What’s it: Inventory turnover ratio is a financial ratio to show the number of times companies convert their inventory into sales during a given period. It is useful for evaluating management effectiveness in managing inventory. The higher it is, the faster the company sells inventory and posts revenue.
Inventory management is important because it affects not only profitability. But, it can also impact a company’s liquidity and overall financial health.
Why is the inventory turnover ratio important?
Analyzing inventory turnover ratios helps management make better decisions about their operations, including marketing, pricing, production, and purchasing strategies. Exploring why the numbers go up or down helps companies stay financially healthy and competitive. In addition, companies can ensure their marketing mix stays aligned with market demands.
When a company can deplete inventory quickly and replace it with new ones, it can be better at collecting revenue. And in the other hand, it also reduces costs tied to inventory, such as rental, transportation, warehouse space, and insurance costs. Ultimately, it can positively impact the company’s profitability and financial liquidity.
On the other hand, if a company keeps inventory for too long, costs increase, which in turn, weighs on the company’s profits. It also reduces its liquidity and financial strength as more money is tied up in its inventory.
Then, for some businesses such as retail, storing too long can reduce consumer interest in shopping. When they find the items in the store are old, they are likely to be reluctant to visit the store in the future. Thus, low inventories make old products unsellable because they are damaged, obsolete, or rotting.
Management can change pricing strategies or offer other incentives to increase inventory turnover. Thus, sales can increase, and inventory can run out faster.
Another way is to streamline the supply chain to eliminate inefficiencies along the chain. If successful, goods are available when consumers need them, which also requires more accurate sales and inventory forecasting. In addition, the inputs also immediately arrive at the factory for processing.
How to calculate the inventory turnover ratio?
We need to take the cost of goods sold (COGS) data on the income statement and inventory on the balance sheet (in the current assets section) before calculating the inventory turnover ratio. Having obtained this, we divide COGS by the average inventory for the last two years. The inventory turnover ratio formula is as follows:
- Inventory turnover = COGS / Average inventory
We use inventory averages to avoid bias due to fluctuations in inventory over time.
Take a simple example. A company reports inventories of $3 million in 2021 and $4 million in 2022 on its balance sheet. On the income statement, it posted a cost of goods sold of $5 million in 2022. Applying the above formula, we get an inventory turnover ratio of 1.4 =5/((3+4)/2).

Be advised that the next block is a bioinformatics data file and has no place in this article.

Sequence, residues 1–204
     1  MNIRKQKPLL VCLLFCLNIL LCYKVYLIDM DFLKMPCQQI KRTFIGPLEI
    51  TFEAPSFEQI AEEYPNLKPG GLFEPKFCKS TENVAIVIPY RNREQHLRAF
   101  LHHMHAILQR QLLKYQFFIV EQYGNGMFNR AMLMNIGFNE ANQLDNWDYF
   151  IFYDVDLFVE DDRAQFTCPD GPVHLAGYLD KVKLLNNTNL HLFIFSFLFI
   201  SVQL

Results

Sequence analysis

How to read inventory turnover ratio?
A low ratio could be due to weak sales. For example, the marketing strategy adopted may be less effective so that sales do not reach the target. Or, it could also happen due to excess inventory. Therefore, a lower ratio is less favorable because it indicates management is less effective in managing inventory.
Conversely, a higher ratio could indicate strong sales, which is desirable. If it can quickly fill its sold inventory with the new one, it can generate more revenue.
But, indeed, the high ratio can also occur due to insufficient supplies, for example, due to production problems. In fact, the company’s sales grew normally. This situation is, of course, undesirable. And, when market demand grows strongly, insufficient inventory prevents the company from optimizing sales.
Then, to provide deeper insight, analyzing the inventory turnover ratio requires us to compare the numbers we get with the industry averages in which the company operates. For example, suppose the ratio is relatively high compared to the industry average. In that case, it could indicate more effective management than competitors’ averages.
Or it occurs due to insufficient inventory levels. So is the high ratio due to weak sales or too little inventory? We can examine this by comparing the company’s sales growth with the industry’s sales growth to find the cause.
What is the ideal ratio?
The ideal ratio varies between companies, depending on the industry in which they operate. For example, non-durable goods companies such as food require faster turnover. That’s because, if they don’t sell, their goods quickly spoil or rot. So they will usually offer discounts or other incentives to attract more demand to avoid that.
In contrast, inventory turnover of durable goods such as furniture or electronics is usually lower. This is because customers usually need time to make shopping decisions. For example, they will not buy shortly for repeat purchases if the existing goods are still in good condition.
Ratios also vary between low-margin and high-margin industries. Low-margin industries require high turnover to support high revenues due to low unit profit. In contrast, high-margin industries have lower inventory turnover ratios on average.
What to read next
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